Emerald, Diamond Spectacles Fail to Find a Buyer at Auction

AuctionsOct 28, 2021

Emerald, Diamond Spectacles Fail to Find a Buyer at Auction

Sotheby’s had estimated they could go for between $2.1 million and $3.4 million each.

These emerald and diamond Mughal-era spectacles failed to sell at auction Wednesday, despite receiving a lot of attention ahead of the event and a pre-sale estimate of $2.1 million to $3.4 million each.
London—Two Mughal-era spectacles featuring diamond and emerald lenses failed to find a buyer at Sotheby’s London Wednesday. 

At its recent “Arts of the Islamic World & India” sale, the auction house put two pairs of glasses from an unknown “princely treasury” up on the block.

Neither sold, though the auction house had estimated they would go for between £1.5 million and £2.5 million each (about $2.1 million to $3.4 million at current exchange rates). 

The “Gate of Paradise” glasses comprise two drop-shape, flat-cut emeralds weighing a total 27 carats set in silver and gold frames and mounted with old-cut diamonds and emeralds.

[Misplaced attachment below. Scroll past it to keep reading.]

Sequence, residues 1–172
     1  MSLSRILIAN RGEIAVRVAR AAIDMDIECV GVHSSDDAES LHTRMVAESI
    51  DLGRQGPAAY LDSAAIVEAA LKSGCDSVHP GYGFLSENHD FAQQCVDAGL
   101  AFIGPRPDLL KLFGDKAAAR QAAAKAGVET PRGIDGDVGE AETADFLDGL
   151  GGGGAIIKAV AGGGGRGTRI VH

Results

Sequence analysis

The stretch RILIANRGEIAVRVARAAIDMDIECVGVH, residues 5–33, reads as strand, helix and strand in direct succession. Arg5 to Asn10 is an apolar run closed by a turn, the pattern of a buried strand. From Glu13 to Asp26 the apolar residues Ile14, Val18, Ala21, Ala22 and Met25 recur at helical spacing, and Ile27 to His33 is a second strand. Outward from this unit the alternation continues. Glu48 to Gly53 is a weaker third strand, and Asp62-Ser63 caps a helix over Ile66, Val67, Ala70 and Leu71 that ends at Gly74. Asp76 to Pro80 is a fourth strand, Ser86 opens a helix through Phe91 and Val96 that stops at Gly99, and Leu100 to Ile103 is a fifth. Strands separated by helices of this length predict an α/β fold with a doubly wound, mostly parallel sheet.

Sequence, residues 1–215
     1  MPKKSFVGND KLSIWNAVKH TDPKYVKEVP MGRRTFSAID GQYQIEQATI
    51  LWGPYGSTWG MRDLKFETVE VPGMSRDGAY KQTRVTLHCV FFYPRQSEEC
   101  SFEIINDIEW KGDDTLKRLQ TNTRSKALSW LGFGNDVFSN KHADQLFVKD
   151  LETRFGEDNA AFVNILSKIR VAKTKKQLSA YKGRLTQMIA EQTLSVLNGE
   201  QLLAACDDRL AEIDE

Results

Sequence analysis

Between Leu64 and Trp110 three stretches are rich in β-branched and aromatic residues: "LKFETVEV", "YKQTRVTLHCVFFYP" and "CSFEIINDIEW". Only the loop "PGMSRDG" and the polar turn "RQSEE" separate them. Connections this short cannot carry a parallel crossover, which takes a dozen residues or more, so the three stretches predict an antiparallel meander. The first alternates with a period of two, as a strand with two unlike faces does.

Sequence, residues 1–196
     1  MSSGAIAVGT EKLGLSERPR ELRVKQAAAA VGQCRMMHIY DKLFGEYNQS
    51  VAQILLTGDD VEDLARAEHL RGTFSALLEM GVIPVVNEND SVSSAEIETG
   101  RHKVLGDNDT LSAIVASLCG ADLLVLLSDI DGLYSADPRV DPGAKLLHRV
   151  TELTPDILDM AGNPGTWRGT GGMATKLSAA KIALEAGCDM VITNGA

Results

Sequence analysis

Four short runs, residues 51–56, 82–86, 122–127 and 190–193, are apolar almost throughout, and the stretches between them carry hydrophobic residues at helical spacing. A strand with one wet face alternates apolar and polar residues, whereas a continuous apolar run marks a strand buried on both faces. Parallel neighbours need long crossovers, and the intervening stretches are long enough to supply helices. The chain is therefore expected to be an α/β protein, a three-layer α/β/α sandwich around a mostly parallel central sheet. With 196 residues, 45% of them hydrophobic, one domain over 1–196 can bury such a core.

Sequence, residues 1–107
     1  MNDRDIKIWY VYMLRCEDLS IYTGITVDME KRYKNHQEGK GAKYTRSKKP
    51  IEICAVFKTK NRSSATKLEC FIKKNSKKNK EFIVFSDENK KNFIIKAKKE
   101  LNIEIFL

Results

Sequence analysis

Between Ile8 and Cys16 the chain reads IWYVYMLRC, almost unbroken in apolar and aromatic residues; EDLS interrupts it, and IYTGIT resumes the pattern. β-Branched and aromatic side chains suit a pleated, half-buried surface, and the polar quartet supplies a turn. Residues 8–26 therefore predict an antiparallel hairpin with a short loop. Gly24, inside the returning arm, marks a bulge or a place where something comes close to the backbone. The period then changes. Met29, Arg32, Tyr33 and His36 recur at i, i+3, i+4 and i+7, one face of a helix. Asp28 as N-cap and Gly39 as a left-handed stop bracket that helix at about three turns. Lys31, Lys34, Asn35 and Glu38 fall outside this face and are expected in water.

There was also the “Halo of Light” spectacles, crafted with two flat-cut diamonds weighing 25 total carats set in silver and gold frames and mounted with smaller old-cut diamonds. 

The spectacles originated in 17th century Mughal India, where they were commissioned by an unknown prince, according to Sotheby’s.

They were shaped from a 200-plus-carat stone believed to have come from the famed Golconda mines in southern India and a single Colombian emerald weighing more than 300 carats. 

 Related stories will be right here … 

Sometime around 1890, the lenses were placed into new frames, decorated with rose-cut diamonds. 

And though the original patron of these pieces is unknown, the quality of the gemstones combined with their sizes suggest they would’ve been in the collection of an emperor, Sotheby’s said.

“Over the past month, these spectacular objects have been marveled at wherever we exhibited them—from New York to Hong Kong to London,” a Sotheby’s spokesperson said in an email statement to National Jeweler Wednesday. 

“Anyone who has laid eyes on them is in no doubt that they are indeed something very special, and we have every faith that the huge interest we have seen will translate into a different result later down the line.” 
Brecken Branstratoris the senior editor, gemstones at National Jeweler, covering sourcing, pricing and other developments in the colored stone sector.

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